This is a view of Bhanbhagta’s village taken the morning after the night before! The path down to the village can be seen on the left. When we parted at a very late hour, the great man assured me that he would come up to the campsite to say goodbye, no matter how early we left! A few villagers did arrive to see us off, but Bhanbhagta, very sensibly, was having a much deserved lie-in.
Agansingh was born on 24 April 1920 in the village of Amsara, in Okhaldhunga District, just above Rumjatar. On 26 June 1944, he was a 24-year-old Naik (Corporal) in charge of a section of 10 men in the 2nd Battalion, 5th Royal Gurkha Rifles, when he led his section in an attack on one of two posts which had been taken by the enemy and were threatening the British forces' communications near the town of Bishenpur in the state of Manipur. Under withering fire, Agansingh and his section charged a machine-gun. He himself killed three of the crew. When the first position had been taken, he then led a dash on a machine-gun firing from the jungle, where he killed three of the crew, his men accounting for the rest. He subsequently tackled an isolated bunker, single-handed, killing all four occupants. The enemy were now so demoralised that they fled, and the second post was recaptured. He transferred with his battalion to the Indian Army in 1947 and later achieved the rank of Honorary Captain before retiring to his village in Nepal. He died on 27 May 2000.
In November 1994, Anne and I trekked across a chunk of east Nepal in 11 days, from Hile to Jiri, visiting the Gurkha Welfare Centres of the Gurkha Welfare Trust at Bhojpur, Dikel, and Rumjatar, and taking the long way out via Solu. I was Chairman of the Trust at the time. On arrival at Rumjatar, we met Agansingh, who continued to live in his small village above Rumjatar and had come down to the Centre to greet us. Agansingh was a quiet, very impressive man, and an absolute delight to know. Talking to us that afternoon in Rumjatar, he explained that when he attacked the final position, he was the only man in his section still standing. The others had either been killed or were well behind him on the ground, seriously wounded. The enemy fire was so intense that early on in the attack he had given himself up for dead. He told me, “I decided that I was a dead man; there was no way I was going to come out alive so I decided just to kill as many of the enemy as I could before they killed me. No, I wasn’t afraid: dead men know no fear.”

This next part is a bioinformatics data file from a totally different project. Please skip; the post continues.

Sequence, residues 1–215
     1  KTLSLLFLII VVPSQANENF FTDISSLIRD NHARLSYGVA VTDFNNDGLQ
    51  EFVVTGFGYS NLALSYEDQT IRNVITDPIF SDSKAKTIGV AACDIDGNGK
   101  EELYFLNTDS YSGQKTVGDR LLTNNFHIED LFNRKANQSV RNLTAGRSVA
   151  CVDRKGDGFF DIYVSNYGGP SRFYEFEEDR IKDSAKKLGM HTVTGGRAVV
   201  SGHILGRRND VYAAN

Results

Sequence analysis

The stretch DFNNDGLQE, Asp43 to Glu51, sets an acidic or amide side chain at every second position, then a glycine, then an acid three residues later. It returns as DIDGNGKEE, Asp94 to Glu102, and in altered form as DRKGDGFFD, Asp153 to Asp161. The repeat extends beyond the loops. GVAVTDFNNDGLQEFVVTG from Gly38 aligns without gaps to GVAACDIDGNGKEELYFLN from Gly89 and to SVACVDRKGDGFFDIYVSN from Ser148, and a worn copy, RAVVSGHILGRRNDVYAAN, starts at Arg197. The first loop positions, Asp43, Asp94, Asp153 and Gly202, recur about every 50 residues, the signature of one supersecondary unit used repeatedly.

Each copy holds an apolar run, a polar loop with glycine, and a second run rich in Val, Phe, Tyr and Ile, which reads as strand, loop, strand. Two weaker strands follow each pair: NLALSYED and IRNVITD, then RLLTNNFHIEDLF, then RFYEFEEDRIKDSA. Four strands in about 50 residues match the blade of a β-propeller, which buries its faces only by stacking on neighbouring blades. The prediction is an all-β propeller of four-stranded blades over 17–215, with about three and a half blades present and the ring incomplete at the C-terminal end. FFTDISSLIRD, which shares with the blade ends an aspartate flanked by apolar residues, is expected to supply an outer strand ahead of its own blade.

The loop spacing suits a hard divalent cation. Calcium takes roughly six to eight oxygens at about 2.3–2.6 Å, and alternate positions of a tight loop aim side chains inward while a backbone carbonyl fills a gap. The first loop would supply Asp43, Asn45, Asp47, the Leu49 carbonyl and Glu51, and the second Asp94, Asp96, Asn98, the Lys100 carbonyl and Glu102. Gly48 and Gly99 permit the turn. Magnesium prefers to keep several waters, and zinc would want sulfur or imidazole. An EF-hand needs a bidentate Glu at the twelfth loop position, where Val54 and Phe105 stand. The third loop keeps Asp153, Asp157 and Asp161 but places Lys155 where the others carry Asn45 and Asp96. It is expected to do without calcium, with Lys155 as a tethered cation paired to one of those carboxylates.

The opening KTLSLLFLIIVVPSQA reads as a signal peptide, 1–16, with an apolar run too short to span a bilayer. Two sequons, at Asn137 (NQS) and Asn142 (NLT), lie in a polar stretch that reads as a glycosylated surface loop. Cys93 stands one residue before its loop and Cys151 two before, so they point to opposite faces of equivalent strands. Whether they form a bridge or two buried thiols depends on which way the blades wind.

After the evening meal, the inevitable party started and went on for some time with the staff of the Centre and our porters at the centre of it--and VC Saheb showing himself to be a very accomplished mover!
On 22 July 2004, four years after his death, his Victoria Cross, WW2 campaign medals, and Indian medals were sold by Agansingh’s family at an auction in London for the sum of £115,000.
Agansingh slept in the Welfare Centre that evening and was there to bid us goodbye in the morning before we headed up the short but very sharp climb to Okhaldhunga. Little did we imagine that within a year we were destined to meet again and to spend even more time in his excellent company. It was a rare privilege and pleasure to meet and get to know these men of valour: Agansingh, Gaje, Ganju, Bhanbhagta, Lachhiman. All have now departed this world — but never to be forgotten!
Sam Cowan Sam Cowan is a retired British general who knows Nepal well through his British Gurkha connections and extensive trekking in the country over many years.